Most of David Neal’s recent travels to Russia have been, in his estimation, “uneventful.” Which is good.
“Things are progressing as we’ve been told they would,” the executive producer of Fox Sports’ World Cup coverage said.
On Wednesday, Neal had a day that was far from uneventful — and it happened on the home front. Fox was battered by soccer fans across the U.S. for only sending two of its six World Cup commentary teams to Russia.
Neal was ready for the onslaught. Earlier this week, he spoke with the Inquirer and Daily News about why the network will have its other four crews call games off monitors in Fox’s Los Angeles studios.
“It’s fairly standard procedure these days to do [broadcasts] off tube and do them from home,” Neal said. “The technology is there, and it allows us to not have to travel everybody.”
He cited NBC’s history of having Olympics announcers call live events from studios in the U.S. It is a subject he has some experience with. Prior to joining Fox in September of 2012, he was the executive vice president of NBC’s Olympics division.
“ESPN similarly split their operations in Brazil in 2014” at the World Cup, he added.
There’s a big difference, though: ESPN had all of its broadcasters in Brazil. When they weren’t in stadiums, they called games off monitors in Rio de Janeiro. Fans forgave the network, understanding that not every broadcaster can fit in every stadium.
But at least they were able to experience the scene in Brazil in person. For Fox to not have announcers in the host nation is different. That hasn’t happened since 2006, when the World Cup was of far less importance to U.S. English-language television than it is now.
Neal said Fox considered flying everyone to Moscow, but decided to not. Why?
“Really, there’s no advantage if you’re doing a monitor call — it doesn’t matter where you are,” he said. “We’ve got the infrastructure here in L.A., so there’s really no reason not to avail ourselves of it.”
Left unsaid was that it also saves Fox some money.
Here is Fox’s full talent roster:
Reporters (all in Russia): Maria Komandnaya, Rodolfo Landeros, Geoff Shreeves (borrowed from England’s Sky Sports), Jenny Taft, Sergey Gordeev (producing features with National Geographic), Rachel Bonnetta (primarily doing online content)
Correspondent-at-Large (in Russia): Grant Wahl (also writing for Sports Illustrated)
Neal said there won’t be any attempts to hide the location of the Los Angeles-based commentators when they’re on air.
“We’re not trying to keep it a secret,” he said. “We will absolutely be forthcoming. If Aly and Derek are doing a game and there’s weather in Kazan, they will say, ‘Bad weather there in Kazan.’ We’re not going to try to pretend. … There’s no attempt at all to mislead anybody.”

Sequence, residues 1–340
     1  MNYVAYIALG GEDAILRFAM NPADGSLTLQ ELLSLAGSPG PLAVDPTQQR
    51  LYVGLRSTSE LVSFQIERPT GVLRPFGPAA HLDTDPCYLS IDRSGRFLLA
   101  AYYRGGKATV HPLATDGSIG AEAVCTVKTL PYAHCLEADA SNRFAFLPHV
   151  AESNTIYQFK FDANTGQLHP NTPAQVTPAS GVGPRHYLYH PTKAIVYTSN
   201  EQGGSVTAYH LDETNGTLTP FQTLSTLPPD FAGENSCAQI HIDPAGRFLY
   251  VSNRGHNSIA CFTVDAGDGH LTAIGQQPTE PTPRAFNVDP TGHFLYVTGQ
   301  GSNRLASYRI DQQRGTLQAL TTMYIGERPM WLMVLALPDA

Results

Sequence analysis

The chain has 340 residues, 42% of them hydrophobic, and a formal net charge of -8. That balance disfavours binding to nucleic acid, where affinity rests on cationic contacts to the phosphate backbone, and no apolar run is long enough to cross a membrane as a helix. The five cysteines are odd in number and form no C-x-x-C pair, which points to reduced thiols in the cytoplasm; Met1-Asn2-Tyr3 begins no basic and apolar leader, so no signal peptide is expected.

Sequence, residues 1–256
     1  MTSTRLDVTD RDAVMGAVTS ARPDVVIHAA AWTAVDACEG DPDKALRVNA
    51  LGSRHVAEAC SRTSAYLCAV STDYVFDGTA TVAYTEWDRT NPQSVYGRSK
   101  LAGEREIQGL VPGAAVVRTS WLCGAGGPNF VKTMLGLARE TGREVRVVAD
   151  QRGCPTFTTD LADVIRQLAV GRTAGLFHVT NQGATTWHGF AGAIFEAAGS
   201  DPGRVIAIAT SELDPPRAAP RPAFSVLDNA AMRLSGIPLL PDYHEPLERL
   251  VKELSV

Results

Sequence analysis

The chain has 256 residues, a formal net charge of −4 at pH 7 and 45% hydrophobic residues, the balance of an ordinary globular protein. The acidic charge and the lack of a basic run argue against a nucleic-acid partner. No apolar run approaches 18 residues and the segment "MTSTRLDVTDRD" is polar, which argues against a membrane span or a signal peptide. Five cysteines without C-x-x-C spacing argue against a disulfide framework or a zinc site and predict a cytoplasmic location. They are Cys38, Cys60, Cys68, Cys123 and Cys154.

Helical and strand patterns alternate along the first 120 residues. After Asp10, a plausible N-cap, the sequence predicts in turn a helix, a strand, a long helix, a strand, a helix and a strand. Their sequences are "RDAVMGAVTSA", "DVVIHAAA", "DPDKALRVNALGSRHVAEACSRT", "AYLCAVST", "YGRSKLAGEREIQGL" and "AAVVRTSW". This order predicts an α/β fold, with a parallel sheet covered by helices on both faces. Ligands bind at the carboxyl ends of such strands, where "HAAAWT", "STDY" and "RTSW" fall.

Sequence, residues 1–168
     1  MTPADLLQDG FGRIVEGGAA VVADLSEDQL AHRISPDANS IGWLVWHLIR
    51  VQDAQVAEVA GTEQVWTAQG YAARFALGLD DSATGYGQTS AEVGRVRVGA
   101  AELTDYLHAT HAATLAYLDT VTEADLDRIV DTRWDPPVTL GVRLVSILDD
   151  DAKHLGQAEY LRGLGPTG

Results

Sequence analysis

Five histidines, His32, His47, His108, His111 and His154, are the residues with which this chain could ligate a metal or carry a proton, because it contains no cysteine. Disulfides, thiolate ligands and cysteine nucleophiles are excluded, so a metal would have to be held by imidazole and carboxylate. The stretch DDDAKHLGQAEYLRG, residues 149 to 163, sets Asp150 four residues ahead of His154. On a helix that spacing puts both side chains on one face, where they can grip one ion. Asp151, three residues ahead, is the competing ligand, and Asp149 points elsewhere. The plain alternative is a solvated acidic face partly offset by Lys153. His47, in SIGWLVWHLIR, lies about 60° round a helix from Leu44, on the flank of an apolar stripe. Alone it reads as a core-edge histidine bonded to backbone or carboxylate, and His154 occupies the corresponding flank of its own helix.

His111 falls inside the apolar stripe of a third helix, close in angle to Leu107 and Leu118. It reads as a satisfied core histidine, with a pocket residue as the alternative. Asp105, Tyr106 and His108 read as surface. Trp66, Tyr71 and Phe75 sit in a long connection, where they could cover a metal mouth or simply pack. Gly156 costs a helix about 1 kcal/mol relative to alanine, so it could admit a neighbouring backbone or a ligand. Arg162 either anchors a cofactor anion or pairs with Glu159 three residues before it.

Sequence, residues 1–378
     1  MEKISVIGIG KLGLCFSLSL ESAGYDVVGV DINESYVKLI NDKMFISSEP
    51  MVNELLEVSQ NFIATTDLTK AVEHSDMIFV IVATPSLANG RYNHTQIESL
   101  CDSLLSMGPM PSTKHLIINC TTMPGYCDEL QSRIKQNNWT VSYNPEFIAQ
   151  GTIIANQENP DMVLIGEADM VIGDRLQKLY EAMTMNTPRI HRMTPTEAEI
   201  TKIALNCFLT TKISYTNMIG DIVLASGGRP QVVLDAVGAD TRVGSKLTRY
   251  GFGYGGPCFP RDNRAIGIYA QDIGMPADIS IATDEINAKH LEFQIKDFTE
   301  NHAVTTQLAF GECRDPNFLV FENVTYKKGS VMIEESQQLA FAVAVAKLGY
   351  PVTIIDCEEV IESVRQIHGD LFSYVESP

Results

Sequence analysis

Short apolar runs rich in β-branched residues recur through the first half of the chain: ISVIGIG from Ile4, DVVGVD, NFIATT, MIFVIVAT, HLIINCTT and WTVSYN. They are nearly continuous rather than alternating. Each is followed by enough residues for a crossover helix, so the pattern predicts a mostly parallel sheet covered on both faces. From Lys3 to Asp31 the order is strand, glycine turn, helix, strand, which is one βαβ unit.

Wagner told the Associated Press that “it’s not an advantage at all” to work off monitors.
“You’re limited in what you get to see,” she said. “I’m hoping that we’ll have maybe an extra cam, like a tactical-view cam. That will help. But sometimes you’re just limited to what the viewers at home see.”
Wagner will be the first woman to call a men’s World Cup game in U.S. TV history. She and Rae get Morocco vs. Iran on Friday, June 15, the second day of the tournament. Wagner will step aside from calling National Women’s Soccer League games while with Fox.
Smith made her Fox debut in 2015 as a studio analyst at the Women’s World Cup in Canada, and will be back next year for the Women’s World Cup in France.
Neal said “it’s absolutely important” for him to have women in on-air analysis roles at his men’s World Cup broadcasts.
“Our decision-making process, whether it’s having Aly calling games or Kelly in the studio, is gender-neutral,” Neal added. “What’s most important to us is having the best voices. And it just so happens that two of those best voices for us, as we go into the men’s World Cup, are women.”
“Through mutual friends, I learned that he was available and interested,” Neal said. “I’ve always been an admirer of Derek’s work, and the idea of Derek and Aly together became something that was irresistible for all of us here.”
Pérez-Navarro will get games featuring Spanish-speaking nations. That’s intentional. He’s been the English-language voice of Fox’s Mexican national team broadcasts in recent times. English is not the Mexico native’s first language, and he’s had some trials by fire. But he’s gotten better, and Neal is ready to give him a big stage.
“He is one of the hardest-working people I’ve ever been around,” Neal said. “There’s no question that it’s quite a challenge. He has embraced it from the outset. There’s no doubt in my mind that he has improved with every game that he’s done, with every rep that he’s had.”